Of H’Wood and H’Ween
Jeff Boam’s Horrific Top 10 Movies
Despite time spent learning the movie biz from soup to plain nuts in the trenches of H’wood itself, and making several of my own flicks as well, I may have received my best horror film education from an institution known as Uncle Ted’s Ghoul School. Every television market across the country had its own late-night horror movie showcase hosted by a unique, and often eccentric, huckster (during the late ’70s and early ’80s, the rights to many dated flicks fell into the public domain, which made them prime pickings for cost-conscience affiliates).
In Northeastern Pennsylvania, WNEP 16 gave us Uncle Ted, a be-spectacled older gent with a bushy white mustache, red fez and a droll smoker’s voice. When he wasn’t doing dimestore magic tricks, Ted (whose real name was Edwin Raub) played straight man to the screwball antics of his clownish assistant, Nefu Ned. On his website billoreilly.com, national television personality Bill O’Reilly claims to have made an extra $20 a week writing jokes for the Ghoul School. More importantly, however, Uncle Ted hosted horror flicks and it was his Friday night program that first introduced me to the Universal monster classics, namely Tod Browning’s Dracula and James Whale’s Frankenstein.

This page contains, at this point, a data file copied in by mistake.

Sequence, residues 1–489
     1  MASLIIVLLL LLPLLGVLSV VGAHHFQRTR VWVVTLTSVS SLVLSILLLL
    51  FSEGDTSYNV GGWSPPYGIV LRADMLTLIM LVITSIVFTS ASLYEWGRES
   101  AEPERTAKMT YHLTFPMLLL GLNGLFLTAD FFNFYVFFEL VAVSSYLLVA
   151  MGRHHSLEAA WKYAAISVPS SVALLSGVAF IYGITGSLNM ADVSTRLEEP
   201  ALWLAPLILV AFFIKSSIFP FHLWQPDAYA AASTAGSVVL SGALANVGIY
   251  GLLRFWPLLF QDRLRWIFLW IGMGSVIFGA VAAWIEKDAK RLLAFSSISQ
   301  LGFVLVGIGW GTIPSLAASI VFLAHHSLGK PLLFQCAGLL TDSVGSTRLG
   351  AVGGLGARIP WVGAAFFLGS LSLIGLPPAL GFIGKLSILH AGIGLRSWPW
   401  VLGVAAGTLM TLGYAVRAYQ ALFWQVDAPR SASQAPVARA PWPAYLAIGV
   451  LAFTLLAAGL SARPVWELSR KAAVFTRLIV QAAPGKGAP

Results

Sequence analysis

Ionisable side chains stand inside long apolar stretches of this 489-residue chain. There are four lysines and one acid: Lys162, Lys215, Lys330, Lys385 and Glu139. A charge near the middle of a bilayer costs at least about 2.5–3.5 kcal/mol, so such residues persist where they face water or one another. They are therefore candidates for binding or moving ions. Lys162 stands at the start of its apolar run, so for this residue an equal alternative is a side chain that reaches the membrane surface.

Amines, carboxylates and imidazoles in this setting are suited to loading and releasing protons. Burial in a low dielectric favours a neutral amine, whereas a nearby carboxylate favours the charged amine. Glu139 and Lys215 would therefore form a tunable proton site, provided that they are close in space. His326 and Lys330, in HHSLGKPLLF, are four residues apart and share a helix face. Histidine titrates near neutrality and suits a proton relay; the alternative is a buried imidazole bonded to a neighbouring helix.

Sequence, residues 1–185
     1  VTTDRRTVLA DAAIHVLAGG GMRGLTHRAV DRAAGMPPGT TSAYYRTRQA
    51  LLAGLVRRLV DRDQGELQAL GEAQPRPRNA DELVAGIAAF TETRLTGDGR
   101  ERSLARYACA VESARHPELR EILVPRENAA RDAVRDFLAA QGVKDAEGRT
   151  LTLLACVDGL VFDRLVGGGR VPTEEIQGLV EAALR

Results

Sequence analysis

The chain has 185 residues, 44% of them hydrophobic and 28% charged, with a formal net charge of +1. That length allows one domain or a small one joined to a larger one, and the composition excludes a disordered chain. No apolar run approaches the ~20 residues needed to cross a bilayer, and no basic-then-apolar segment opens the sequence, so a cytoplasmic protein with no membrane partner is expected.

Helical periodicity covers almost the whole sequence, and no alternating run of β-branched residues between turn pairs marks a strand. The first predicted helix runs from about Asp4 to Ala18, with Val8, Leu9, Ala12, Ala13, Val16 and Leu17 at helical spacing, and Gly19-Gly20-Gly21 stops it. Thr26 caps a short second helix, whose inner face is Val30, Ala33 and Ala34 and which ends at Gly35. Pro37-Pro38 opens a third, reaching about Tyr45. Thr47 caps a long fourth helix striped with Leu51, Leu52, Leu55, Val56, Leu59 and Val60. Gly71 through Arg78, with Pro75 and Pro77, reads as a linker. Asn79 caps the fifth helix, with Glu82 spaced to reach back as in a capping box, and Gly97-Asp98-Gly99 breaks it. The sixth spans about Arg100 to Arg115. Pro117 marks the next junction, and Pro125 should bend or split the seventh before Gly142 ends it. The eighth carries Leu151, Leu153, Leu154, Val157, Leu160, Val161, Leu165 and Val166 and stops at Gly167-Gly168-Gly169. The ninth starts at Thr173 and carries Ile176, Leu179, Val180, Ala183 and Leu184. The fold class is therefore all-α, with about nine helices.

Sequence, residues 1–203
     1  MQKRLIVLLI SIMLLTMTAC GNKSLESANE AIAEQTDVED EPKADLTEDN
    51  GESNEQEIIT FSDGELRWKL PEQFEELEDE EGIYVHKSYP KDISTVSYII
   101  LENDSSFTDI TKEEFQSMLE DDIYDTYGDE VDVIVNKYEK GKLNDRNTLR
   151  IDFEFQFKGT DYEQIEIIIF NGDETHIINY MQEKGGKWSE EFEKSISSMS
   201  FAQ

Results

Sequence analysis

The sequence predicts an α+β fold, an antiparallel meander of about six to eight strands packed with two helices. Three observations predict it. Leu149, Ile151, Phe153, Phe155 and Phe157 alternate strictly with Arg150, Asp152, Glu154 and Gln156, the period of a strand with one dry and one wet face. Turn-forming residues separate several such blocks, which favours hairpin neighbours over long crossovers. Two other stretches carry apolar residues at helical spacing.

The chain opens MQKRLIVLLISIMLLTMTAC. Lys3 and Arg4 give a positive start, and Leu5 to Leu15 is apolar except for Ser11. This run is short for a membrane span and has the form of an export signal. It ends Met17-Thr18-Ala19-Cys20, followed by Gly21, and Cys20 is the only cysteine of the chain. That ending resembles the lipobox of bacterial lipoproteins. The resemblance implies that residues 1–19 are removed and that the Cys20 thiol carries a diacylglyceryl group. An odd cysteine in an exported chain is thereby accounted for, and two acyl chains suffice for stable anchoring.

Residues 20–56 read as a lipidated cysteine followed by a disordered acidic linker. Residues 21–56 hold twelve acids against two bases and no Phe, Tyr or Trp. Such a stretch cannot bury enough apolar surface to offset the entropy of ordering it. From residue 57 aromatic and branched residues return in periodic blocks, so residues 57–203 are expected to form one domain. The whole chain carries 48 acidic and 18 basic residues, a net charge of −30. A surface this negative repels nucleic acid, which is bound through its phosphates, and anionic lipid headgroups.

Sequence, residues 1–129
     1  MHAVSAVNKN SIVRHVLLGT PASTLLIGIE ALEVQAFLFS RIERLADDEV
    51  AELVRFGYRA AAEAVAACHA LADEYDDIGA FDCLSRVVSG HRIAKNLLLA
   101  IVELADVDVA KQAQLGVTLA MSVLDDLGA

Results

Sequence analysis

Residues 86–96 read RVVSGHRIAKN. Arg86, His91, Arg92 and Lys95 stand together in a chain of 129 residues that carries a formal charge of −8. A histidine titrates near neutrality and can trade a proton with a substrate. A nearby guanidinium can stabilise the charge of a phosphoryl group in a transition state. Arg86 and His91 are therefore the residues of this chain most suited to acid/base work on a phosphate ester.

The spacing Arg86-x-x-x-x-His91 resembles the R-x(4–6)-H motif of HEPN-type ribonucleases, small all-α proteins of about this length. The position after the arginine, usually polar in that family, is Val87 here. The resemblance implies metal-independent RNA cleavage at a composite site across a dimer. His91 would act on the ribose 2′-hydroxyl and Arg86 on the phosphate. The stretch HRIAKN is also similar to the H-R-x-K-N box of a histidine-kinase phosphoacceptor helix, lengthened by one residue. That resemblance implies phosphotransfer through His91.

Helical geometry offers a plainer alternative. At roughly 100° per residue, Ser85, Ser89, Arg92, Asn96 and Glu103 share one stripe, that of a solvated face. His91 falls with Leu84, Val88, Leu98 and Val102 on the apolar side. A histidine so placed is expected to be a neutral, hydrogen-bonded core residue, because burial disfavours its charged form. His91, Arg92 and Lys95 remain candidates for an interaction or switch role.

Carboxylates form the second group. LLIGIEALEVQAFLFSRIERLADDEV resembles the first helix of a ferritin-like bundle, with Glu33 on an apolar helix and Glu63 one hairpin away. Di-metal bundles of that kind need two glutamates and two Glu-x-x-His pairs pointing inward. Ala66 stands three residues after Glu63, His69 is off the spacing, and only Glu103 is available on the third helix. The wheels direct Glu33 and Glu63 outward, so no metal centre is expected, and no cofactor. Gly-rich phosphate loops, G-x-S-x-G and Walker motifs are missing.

During the day, however, I gained more of my horror film education at the track … and when I say ‘track,’ I mean ‘The Rat Race.’ In the afternoon, WNEP screened horror and sci-fi films under a themed banner covering the whole week. In between the screams and thrills, there were call-in contests like “Dialing for Dollars” and, yes, “Rat Race,” which featured rodents running down numbered tubes (the caller, of course, had to choose a winner at the start gates).